AI sorts waste 31 August 2023

waste convyor AI robotic technologies

When it comes to sorting waste on a conveyor ready for recycling operations, AI-based robotic technologies are setting the tone for a step-change in this challenging process, reports Steed Webzell

Calls for a worldwide transition to a circular economy are growing louder as the effects of climate change become seemingly more apparent with each passing year. The spotlight on action rather than words is spurring innovation in sorting waste materials ready for recycling in a cost-effective and process-efficient manner. Among the promising solutions to this challenge is the use of waste-sorting robots with computer vision and artificial intelligence (AI) capability.

Plastic, as most are all-too aware, is a problem material. In 2022, the OECD reported that only 9% of plastic has ever been recycled. Due to the critical nature and urgency of addressing this environmentally damaging dynamic, a tremendous business opportunity is afoot.

“The amount of plastic production goes up every year, as does the cost of recycled plastic,” states Peter Hedley, CTO at Recycleye, a technology company bringing machine learning, computer vision and robotics to the global waste management industry. “That’s really building this marketplace; waste sorting plants and MRFs [material recycling facilities] need high-quality sorting and automation to deal with the load. We believe that waste does not exist, only materials in the wrong place.”

Recycleye co-founder and CEO Victor Dewulf adds: “This is a market which we estimate to have a serviceable addressable market value of $114 billion globally today, but with the potential to increase 14 times to $1.6 trillion when the cost of sorting is reduced.”


Using proprietary AI models, Recycleye’s robotic technology ‘sees’ waste and can pick an unlimited number of material classes – not only plastics, but also aluminium, paper and cardboard. It can even differentiate between packaging and non-packaging materials, and colours and shapes.

Nick Kastanos, machine learning engineer at Recycleye, says: “Aside from simply identifying an aluminium beverage can, for example, the AI algorithm can also learn what a coffee cup is, or a plastic cup. This way, the same robot delivers multiple points of value to the waste sorting plant.”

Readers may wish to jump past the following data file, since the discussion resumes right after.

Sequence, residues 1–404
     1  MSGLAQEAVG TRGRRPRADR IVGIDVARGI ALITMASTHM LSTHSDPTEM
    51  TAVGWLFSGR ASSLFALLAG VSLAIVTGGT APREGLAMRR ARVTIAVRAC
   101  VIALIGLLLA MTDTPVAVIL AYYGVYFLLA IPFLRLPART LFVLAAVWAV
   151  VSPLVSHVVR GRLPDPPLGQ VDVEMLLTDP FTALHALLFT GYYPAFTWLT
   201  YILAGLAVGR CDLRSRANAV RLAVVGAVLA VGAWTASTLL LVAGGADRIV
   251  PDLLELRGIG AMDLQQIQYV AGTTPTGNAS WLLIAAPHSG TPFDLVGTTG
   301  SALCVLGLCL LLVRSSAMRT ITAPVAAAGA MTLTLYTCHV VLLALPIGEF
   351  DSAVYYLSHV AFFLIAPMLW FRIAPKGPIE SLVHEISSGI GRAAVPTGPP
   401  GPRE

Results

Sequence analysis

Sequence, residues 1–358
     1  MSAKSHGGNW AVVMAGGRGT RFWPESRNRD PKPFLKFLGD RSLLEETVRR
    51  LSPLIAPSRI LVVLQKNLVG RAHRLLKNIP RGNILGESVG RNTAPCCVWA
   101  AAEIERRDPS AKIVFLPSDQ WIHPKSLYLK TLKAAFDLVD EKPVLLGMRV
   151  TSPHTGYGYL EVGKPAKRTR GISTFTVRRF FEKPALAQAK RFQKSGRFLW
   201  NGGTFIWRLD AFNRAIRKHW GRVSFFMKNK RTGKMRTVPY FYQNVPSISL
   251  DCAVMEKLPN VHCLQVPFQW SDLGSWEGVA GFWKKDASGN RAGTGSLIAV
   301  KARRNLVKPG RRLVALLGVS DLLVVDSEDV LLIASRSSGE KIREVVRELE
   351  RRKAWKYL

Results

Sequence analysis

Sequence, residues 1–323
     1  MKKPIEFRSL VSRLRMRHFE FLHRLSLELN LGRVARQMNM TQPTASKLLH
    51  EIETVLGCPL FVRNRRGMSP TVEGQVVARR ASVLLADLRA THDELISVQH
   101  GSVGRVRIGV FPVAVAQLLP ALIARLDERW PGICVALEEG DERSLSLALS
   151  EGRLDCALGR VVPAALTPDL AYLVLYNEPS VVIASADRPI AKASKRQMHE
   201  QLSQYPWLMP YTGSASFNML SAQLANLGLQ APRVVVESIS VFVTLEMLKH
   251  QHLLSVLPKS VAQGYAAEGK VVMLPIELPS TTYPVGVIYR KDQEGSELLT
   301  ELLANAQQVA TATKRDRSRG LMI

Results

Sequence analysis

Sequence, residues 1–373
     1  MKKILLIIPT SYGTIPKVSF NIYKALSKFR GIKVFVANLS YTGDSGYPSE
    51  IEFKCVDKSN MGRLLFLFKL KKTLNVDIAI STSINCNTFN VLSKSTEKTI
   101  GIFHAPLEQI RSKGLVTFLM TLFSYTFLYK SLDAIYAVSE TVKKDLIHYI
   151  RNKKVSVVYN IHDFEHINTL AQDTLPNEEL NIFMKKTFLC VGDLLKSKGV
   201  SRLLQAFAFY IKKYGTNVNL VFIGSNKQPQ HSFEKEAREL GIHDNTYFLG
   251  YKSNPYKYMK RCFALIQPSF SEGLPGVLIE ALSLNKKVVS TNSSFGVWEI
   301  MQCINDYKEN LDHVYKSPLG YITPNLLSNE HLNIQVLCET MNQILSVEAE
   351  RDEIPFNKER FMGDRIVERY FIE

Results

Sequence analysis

Adding yet more value is a recent development that focuses on expanding Recycleye’s AI-powered waste picking solutions with a new set of proprietary data. As a result, the company’s robotics solution is not only able to ‘see’ waste, but also to ‘smell’ it using a special sensor located in the gripper. Recycleye expects initial applications to include detecting the difference between food and non-food packaging, which of course usually smells either of food or chemicals, bringing yet more precision to the sorting process.


Increased accuracy on sorting lines equates to higher purity outputs, which has a direct effect on the revenue that MRFs can generate. With Recycleye robotics it is possible to scan and identify objects at 60 frames per second, which means that the robot ‘sees’ each item 30 times on average as it passes along the conveyor belt, enhancing the potential of accurate identification before picking. Each robot can pick up to 3,300 items an hour, while capturing compositional data to enable strategic decisions by plant managers.

Among early adopters is re3, a partnership between waste management company FCC Environment and Bracknell Forest, Reading and Wokingham Borough Councils. At re3’s MRF in Reading, a Recycleye AI-based robotic waste-picking system sits atop an existing split-belt conveyor, providing the site with visibility on its waste streams and enabling re3 to improve the efficiency of its sorting processes.